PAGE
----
Workers across California are on strike today. They are researchers, technical employees, health care workers, custodians, cafeteria workers, groundskeepers, security guards, and delivery-truck drivers employed by the University of California, the state’s largest employer. There are nearly forty thousand of them.
The one-day action is aimed at securing a fair contract for researchers and technical professionals represented by UPTE-CWA 9119. While the University of California continues to pay exorbitant salaries to executives and pad the ranks of upper management with well-heeled administrators, it greets workers with pension cuts, salary adjustments that are incommensurate with the cost of living, a proliferation of part-time positions, and the constant threat of outsourcing.
The union’s health care workers have committed to strike in solidarity with researchers and technical workers. And joining them is the membership of AFSCME 3299, a union that represents custodians, dining service workers, and others, which has decided to go out on a sympathy strike. This powerful act of cross-union solidarity has more than doubled the size of the strike.
AFSCME workers are returning the favor: last summer, when they went on strike for three days, UPTE workers joined them. Unions throughout the university system increasingly have each other’s backs, wagering that if one domino falls, the rest are sure to follow.
Joining them on the picket line in Los Angeles this morning was Bernie Sanders, the democratic-socialist senator from Vermont and presidential candidate, who told the crowd that he was “here today…not as a candidate for president but as somebody who has spent the last forty hears of his life walking on picket lines with unionized workers.” He had some choice words to say about the state of the class struggle today:
I wish that I could tell you this afternoon that what’s going on at the University of California is kind of unique, that this is the only institution in America where an employer is not sitting down and negotiating in good faith with its union. I wish I could tell you that the University of California is the only employer in America not paying its workers a living wage. I wish I could tell you that here at the university it is unique that the entity is trying to privatize and outsource jobs.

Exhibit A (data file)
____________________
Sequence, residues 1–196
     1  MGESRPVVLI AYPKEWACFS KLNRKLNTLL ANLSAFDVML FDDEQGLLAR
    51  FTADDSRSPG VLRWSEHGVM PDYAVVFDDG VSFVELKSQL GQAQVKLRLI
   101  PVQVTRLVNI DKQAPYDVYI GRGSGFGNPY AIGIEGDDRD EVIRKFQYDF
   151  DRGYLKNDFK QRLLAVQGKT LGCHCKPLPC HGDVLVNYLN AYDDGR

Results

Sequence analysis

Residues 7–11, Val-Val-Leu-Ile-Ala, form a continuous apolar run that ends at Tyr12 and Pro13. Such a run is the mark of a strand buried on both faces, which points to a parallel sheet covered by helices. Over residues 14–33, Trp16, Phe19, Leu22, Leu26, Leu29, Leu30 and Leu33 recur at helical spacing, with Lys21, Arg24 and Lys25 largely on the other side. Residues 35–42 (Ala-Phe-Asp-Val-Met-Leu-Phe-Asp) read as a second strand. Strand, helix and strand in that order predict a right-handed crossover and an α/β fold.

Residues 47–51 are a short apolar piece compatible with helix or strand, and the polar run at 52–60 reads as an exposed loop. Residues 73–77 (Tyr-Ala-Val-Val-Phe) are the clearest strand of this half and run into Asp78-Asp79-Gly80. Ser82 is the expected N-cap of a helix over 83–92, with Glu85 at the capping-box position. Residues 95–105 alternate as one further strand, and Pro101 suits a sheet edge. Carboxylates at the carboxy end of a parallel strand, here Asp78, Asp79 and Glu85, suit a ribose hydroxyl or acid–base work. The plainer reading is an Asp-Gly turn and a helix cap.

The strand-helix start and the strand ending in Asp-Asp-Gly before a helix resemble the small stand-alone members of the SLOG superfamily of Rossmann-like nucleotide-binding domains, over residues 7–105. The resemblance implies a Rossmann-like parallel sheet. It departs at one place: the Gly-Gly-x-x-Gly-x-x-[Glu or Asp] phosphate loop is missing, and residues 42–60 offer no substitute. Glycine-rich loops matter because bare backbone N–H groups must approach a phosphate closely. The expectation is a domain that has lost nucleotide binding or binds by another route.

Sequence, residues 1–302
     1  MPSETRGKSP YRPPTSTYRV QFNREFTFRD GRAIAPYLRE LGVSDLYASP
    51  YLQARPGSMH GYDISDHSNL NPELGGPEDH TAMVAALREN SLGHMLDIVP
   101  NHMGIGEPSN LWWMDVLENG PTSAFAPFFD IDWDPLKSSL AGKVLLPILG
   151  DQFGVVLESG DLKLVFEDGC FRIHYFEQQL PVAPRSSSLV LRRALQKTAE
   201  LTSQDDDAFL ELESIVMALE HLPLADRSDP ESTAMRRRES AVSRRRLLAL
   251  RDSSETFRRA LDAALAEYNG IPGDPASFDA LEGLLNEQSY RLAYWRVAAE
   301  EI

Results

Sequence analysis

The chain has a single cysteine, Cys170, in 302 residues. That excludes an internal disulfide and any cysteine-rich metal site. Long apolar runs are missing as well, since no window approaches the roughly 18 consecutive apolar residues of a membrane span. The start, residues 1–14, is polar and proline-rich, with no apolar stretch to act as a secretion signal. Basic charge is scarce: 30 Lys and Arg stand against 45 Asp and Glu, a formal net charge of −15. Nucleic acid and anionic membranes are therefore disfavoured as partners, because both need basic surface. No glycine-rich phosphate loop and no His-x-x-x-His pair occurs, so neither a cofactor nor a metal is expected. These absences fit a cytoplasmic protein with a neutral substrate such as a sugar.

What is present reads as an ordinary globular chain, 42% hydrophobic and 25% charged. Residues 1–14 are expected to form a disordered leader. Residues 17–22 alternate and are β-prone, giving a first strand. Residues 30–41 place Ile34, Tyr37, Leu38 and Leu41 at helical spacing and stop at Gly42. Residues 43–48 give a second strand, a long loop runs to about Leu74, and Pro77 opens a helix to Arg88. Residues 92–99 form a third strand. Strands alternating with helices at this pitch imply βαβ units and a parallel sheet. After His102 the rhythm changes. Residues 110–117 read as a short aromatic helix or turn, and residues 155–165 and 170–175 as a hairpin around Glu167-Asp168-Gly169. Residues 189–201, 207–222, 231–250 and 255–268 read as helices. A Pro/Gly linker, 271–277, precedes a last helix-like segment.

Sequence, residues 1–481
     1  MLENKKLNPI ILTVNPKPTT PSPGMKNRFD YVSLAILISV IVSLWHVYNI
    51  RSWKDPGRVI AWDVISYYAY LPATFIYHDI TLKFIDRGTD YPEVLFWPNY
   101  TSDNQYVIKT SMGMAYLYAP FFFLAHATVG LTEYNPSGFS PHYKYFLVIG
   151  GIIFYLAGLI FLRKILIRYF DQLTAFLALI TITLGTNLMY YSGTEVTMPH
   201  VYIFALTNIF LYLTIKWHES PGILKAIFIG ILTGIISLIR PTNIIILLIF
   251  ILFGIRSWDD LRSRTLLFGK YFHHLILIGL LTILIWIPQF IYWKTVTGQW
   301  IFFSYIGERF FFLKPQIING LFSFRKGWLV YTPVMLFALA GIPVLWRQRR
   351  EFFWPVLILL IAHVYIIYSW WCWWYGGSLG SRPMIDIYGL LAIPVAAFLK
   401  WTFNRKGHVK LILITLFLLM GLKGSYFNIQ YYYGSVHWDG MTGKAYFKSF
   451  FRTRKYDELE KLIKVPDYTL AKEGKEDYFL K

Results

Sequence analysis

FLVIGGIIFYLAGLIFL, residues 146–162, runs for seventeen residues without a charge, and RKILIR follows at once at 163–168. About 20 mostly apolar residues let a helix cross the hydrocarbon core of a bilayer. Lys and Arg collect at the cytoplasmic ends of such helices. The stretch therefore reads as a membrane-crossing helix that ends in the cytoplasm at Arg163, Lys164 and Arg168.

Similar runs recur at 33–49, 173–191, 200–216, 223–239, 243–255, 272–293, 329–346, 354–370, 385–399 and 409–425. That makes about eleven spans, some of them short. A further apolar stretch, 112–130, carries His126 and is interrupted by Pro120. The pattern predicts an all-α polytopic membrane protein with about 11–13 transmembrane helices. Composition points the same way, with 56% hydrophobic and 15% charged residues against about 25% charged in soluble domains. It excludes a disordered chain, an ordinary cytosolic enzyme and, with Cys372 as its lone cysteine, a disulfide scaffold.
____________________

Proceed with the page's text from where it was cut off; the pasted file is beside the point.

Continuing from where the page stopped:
But if I told you that, it simply would not be true. Because what we are seeing all across this country is a war being waged against the working people of America. And the time is long overdue for the American people to stand up, to say enough is enough.
Public university systems are a necessary battleground for organized labor, not least because they employ huge numbers of workers. Analysts at the financial news outlet 24/7 Wall Street reviewed each state’s largest employer in 2017, and found that Walmart came in first in twenty-two states. Most of the remaining states were dominated by either public university systems or health care systems, with some overlap between the two categories.
Public universities are large and influential workplaces, and labor unions have a foothold in them already. But as neoliberal university administrations privatize their operations, replacing union jobs with nonunion positions to circumvent collective bargaining and cut costs, unions must fight to keep that foothold.
The University of California’s largest campuses by student population are in Los Angeles and Berkeley. Both Los Angeles and the East Bay have just witnessed massive teachers’ strikes, which enjoyed unprecedented community support, and doubled as crash-courses in the labor movement’s aims and struggles for local residents. Teachers in Sacramento, which is near the system’s Davis campus, have also voted to authorize a strike.
While pickets, protests, and strikes by workers in the university system haven’t gotten much attention in the past, it’s possible that residents in these cities and throughout California will take special notice this time. Hopefully more than a few will see the connections between the national teachers’ strike wave and the fightback by university workers. Both are responses to unfair working conditions that spring from same sources: austerity and privatization in public education.
“Our members have been really inspired by the Red for Ed movement and we definitely feel like we’re part of it,” said Dan Russell, executive vice president of UPTE and IT worker at UC Berkeley. “Budget cuts and outsourcing affect us but we see how that pain extends to students, patients, and the public at large every day. We have to keep fighting together until we halt the assault on public education.”
With this one-day strike, workers have flexed their muscles for the university. Though negotiating with an administration that systematically devalues labor and knows how to play hardball will be an uphill battle, the display of strength will no doubt boost the union’s chances of securing a fair contract.
Perhaps its timing on the heels of the California teachers’ strikes will also show that the potential of the Red for Ed movement is greater than imagined. Workers in education know the pain caused by budget cuts and shady public-private partnerships, whether they work in K–12 schools or in universities, and whether or not they’re teachers. And now, workers at every level are fighting back.